Another glaring ommission, although not as necessary as those stated above but certainly sorely missed, is Salander’s criminal but thoroughly sympathetic global practices across the world. As she syphons off the money from the criminal organisation she’s come into contact with from the previous book and employ’s “cut outs” etc to invest and embezzle more money, she instantly becomes a multi-multi-millionaire many times over. This Modesty Blaise/Simon Templar-like figure she cuts so impressively in the novels is, again, only briefly alluded to in the movies for people who have read the books. Great swathes of her exploits were alluded to in a brief scene of her in one of her many disguises at the end of the first movie. In the second movie there are three references as far as I could make out... one scene near the start when she is instructing one of her employees how to invest her money, another scene in her former boss’s office (another character relegated to the sidelines but they’ll really need him for the third movie if they do it properly) where she acknowledges that she doesn’t need any money and then a third oblique reference on some documents Bomkvist finds in her new luxurious apartment. It was a shame they couldn’t get at least some of this stuff in the movies but there’s only so much time you can push in a theatrical release.

The film itself is very good for what it is. A tad cliched in parts (the romanticised computer hacking sequences which pay lip service to the Salander character as portrayed in the books) and the characters have, perhaps, as you can see from previous paragraphs here, been softened down a few notches to make them acceptable to a commercial cinema audience (at least in the eyes of the producers and sponsors is my guess... people liked the characters in the books enough, didn’t they?).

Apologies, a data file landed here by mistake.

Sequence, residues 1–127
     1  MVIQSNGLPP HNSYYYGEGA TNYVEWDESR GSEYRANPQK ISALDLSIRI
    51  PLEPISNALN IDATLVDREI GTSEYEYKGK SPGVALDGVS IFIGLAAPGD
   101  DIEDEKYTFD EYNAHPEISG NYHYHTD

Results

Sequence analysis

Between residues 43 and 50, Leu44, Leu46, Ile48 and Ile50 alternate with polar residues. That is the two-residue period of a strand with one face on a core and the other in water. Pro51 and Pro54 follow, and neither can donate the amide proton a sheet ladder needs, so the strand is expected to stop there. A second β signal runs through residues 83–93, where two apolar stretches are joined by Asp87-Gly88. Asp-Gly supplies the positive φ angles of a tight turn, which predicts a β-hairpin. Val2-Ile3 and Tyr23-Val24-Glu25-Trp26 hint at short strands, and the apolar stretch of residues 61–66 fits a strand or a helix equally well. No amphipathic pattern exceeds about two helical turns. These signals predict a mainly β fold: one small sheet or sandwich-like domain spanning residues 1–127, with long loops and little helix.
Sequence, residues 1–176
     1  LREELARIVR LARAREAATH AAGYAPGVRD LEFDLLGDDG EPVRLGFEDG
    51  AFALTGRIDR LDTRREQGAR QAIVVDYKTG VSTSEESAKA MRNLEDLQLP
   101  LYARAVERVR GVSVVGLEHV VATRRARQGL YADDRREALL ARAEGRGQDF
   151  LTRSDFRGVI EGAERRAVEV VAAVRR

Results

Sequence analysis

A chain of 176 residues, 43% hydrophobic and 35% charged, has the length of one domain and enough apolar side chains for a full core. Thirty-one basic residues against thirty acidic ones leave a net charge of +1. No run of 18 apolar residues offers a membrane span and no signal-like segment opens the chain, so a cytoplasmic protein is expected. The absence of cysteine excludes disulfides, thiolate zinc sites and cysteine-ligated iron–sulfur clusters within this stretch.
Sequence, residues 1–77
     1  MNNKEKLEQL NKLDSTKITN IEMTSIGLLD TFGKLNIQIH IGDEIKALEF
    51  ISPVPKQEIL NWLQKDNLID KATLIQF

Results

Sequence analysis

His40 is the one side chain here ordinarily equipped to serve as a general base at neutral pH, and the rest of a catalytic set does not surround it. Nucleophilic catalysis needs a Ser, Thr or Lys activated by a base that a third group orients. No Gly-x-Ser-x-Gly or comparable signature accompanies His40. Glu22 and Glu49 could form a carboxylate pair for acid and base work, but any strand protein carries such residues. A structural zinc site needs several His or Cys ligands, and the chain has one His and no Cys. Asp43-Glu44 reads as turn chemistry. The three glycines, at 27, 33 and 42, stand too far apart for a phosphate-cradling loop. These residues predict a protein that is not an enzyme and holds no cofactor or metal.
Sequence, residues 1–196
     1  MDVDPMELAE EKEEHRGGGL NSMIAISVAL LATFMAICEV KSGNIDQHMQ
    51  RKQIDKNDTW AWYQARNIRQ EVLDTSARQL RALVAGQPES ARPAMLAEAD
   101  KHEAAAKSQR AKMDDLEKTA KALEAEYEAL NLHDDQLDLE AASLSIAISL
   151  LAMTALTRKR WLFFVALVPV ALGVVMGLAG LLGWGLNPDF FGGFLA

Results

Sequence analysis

I find it curious that the most cinematic of the three novels (the Hollywood action fest style novel) dropped so much from it including some of the action scenes... where was the brilliant three handed foot chase sequence when Blomkvist is trying to find Slander for example? It was strange looking down at my watch and finding only about 20 minutes of The Girl Who Played With Fire had passed but we were already maybe two thirds of the way through the novel when the big, shock death of two of the characters was already upon us. All of the characters suffered from severe cutting due to length of time (they’re quite thick tomes) but the director certainly managed to pull it all together and sew all the selected highlights together to make a pretty comprehendible and watchable movie. Well done to him for that. And you got to meet Blomkvist’s sister who represent’s Salander at her trial in the third book... for most of the third novel Salander is recovering from the events depicted at the end of this movie in hospital under police arrest and the remainder of the book is taken up with her trial and then an action sequence where she faces off against her Robert Shaw-like Bondian henchman brother (as he is depicted in the movie... a less lethal and more clever version of the character than that in the novels)... and you want to see how that fight turns out :-) Hope they do it like the novel!

Actually, I thought the amount of damage inflicted on Salander in the movie version of The Girl Who Played With Fire was a little toned down compared to the novel. I wonder how many of the movie audience realised she’s been shot in the head. That she survives in the book after you have already had to give up on the character and accept her as dead is quite a tightrope of credible writing to balance on... like Lucy in the Scarpetta novels, she is only the second character I can think of off the top of my head who has survived a bullet in the head (Patricia Cornwell did her character one better by having the near fatal shot handily remove a certainly fatal brain tumour which was growing in the head of her character... thus curing her rather than killing her). I think perhaps I’m being a little harsh here because if the excellent Noomi Rapace had played her totally as the at-deaths-door-can-barely-move-vengeful-ghost-spirit she becomes at the close of the second novel... it might have stretched the ability of the audience to continue to buy into the character.

Actually, I think I’ve said enough here... I’m probably being a little over harsh on the movie but it’s only because I enjoyed the novels so much. The Girl Who Played With Fire is a really great thriller and it’s bound to be better than the US remake of it which we’re all going to have inflicted on us in a couple of years time. If you’ve seen the first movie and liked it... rush to your cinema to see this one too. It’s well worth your time if thrillers and larger than life genre characters are your thing. And certainly better than any other crime thriller playing at the cinema at the moment I would guess.